TGC’s “Thorns & Thistles” column seeks to apply wisdom with practical advice about faith, work, and economics. If you have a question on how to think about and practice your work in a way that honors God, let us know at [email protected]
A handful of my coworkers have recently left for greener pastures. As a result, my job responsibilities have doubled, though my position title and salary are the same. My boss says he intends to hire replacements, but I don’t think he’ll be very motivated to hire while I’m doing both jobs. I’m capable of doing all the work, yet it seems unfair for my boss to expect me to do two jobs for the same pay. I’m trying to obey Colossians 3:23 to work for the Lord and not for men. Does this mean I should just accept the situation and do the very best work I can?
“Do more with less.” I’ve heard this often throughout my work experience. And with the job turbulence due to COVID-19 over the past two years, I imagine this is happening in many places.
It doesn’t quite seem fair for one person to take on the responsibilities of someone else as well as her own work for the same pay, does it? Though we can understand the pressures your boss is under, hiring someone for one job and then changing the responsibilities with no change in compensation seems misleading at best.
And after a while, doing more with less isn’t realistic. Humans have limitations.
Let’s reflect on some truths that can set us free, then I’ll talk about strategies moving forward.
The truth is our work environment is affected by Adam’s sin (Rom. 8:19–21). It’s made worse by our own sins and those of our bosses, coworkers, and customers. Things aren’t always going to be fair or made right.
After a while, doing more with less isn’t realistic. Humans have limitations.
That doesn’t mean we should be content with unfairness. The Bible is full of references to right business practices (Lev. 19:35–36; 25:14; Prov. 20:23; Amos 8:4–5; Matt. 5:37; Col. 3:9–10; 1 Tim. 6:10). One way we push against sin is to winsomely advocate for fair treatment for ourselves and others.
Remember, we do this as people who live under authority. One of those authorities is our employer. Whether or not he or she is a believer, we’re to submit to our employer as the leader Christ has placed over us (Eph. 6:5–8; Col. 3:22–25). When we can no longer submit to that employer, perhaps we should consider moving on.
So how can you graciously advocate for fairness? Before you talk with your employer, you’ll need to have all your facts in line. You’ll have to convince him your complaint is valid and it’s in his best interests to address it.
You assessed that your job responsibilities have doubled. Can you quantify what this means to your boss? Has your geographic territory or client list doubled in size? Are you having to write or edit twice as much? Are you teaching twice the number of classes or have your students increased by 100 percent? Are you supervising a team twice the size you used to have?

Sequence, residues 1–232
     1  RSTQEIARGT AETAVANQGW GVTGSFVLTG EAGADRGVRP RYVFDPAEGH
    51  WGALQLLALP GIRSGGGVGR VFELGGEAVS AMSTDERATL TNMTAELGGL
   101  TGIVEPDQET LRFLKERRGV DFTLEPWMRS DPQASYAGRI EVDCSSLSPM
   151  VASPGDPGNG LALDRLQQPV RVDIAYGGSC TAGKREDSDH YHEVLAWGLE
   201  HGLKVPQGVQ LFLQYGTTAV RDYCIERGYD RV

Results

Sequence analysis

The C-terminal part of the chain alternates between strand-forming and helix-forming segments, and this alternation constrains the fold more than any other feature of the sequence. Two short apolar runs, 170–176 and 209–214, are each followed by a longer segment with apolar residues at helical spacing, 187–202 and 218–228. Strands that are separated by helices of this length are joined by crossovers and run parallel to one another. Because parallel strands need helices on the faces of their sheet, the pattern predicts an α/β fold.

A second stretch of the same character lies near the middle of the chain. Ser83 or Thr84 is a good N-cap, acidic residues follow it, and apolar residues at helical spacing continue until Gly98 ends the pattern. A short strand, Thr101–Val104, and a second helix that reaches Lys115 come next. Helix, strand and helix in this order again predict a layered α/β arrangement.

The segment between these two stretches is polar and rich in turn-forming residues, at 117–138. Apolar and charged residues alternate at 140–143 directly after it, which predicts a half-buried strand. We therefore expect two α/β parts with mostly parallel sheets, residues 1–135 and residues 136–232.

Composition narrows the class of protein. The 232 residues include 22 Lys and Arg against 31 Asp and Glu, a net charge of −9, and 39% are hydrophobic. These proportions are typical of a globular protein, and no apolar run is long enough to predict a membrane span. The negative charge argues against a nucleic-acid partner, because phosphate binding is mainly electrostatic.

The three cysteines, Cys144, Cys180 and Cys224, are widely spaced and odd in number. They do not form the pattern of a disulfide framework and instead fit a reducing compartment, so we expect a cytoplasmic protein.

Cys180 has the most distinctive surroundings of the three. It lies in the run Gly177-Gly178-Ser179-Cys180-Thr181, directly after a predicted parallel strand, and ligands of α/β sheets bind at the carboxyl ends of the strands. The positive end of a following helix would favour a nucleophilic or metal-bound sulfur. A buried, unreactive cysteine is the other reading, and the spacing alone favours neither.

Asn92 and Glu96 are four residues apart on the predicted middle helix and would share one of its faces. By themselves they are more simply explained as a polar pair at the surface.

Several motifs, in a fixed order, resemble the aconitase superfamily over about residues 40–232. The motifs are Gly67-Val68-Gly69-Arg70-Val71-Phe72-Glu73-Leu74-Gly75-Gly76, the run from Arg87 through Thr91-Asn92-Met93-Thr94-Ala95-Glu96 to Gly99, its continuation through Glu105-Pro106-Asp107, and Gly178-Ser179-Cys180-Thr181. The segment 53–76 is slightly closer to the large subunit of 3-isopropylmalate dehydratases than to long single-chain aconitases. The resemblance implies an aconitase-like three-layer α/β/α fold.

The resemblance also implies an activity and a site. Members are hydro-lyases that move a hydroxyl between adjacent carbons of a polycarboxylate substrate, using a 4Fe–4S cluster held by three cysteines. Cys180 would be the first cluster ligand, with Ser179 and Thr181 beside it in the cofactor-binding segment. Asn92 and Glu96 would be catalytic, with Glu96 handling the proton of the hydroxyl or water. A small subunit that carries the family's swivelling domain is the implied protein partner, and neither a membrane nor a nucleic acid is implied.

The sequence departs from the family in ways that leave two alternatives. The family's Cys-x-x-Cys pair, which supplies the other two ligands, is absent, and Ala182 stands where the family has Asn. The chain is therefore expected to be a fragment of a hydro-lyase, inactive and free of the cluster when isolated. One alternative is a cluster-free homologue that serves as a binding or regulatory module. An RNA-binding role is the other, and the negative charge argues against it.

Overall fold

If the workload or your quotas haven’t objectively doubled, can you use a more subjective measure? Is your job now twice as stressful? Are the increased expectations at work taking a toll on your health or your family? For example, are you no longer able to go to the gym, cook dinners, or spend time with your spouse or children the way you used to?
Once you’re able to articulate the effects of your employer’s decision to delay hiring a replacement, you can then formulate a humble approach to asking for change. You should acknowledge his authority over you and at the same time ask him to consider either hiring a replacement or increasing your salary so you can be compensated for your additional hours. (The extra money, in turn, may allow you to hire a nanny or a house cleaner to cover some of the tasks you used to do at home.)
One way we push against sin is to winsomely advocate for fair treatment for ourselves and others.
You should also think about what it may cost you if your boss isn’t able or amenable to change. If he doesn’t agree to your proposal, are you prepared to leave? Or is there a temporary or partial solution you could suggest—for example, hiring temporary help or paying a one-time bonus?
“Adversity often becomes a spur for creative change and discovery of new places where God is calling us to serve,” Douglas Schuurman wrote. On the other hand, “Restless discontent with one’s present sphere . . . may not be a valid indicator of God’s call to a new sphere. It may indicate the need for renewed prayer and obedience within the existing sphere.”
How can you tell the difference? Remember, we serve a God who isn’t a God of confusion but of direction and leading (Prov. 3:6).
Focus on God
I challenge you to do something radical. Get your mind off the job for just a bit and focus on God. Worship him. Talk to him. Enjoy him. Remember his past faithfulness (Deut. 2:7). Remind yourself how much you depend on him and how good he is.
Then pay attention to the dissatisfaction you feel. There may be a purpose in it. God may be preparing you to begin another chapter in your life, either at this employer or another. Either way, God will give you wisdom to make the best decision in his time (James 1:5). He’ll provide for you and your family (Matt. 6:31–33). He’ll give you the strength for the challenges of each day (Isa. 41:10).
In everything, he is working for our good (Rom. 8:28).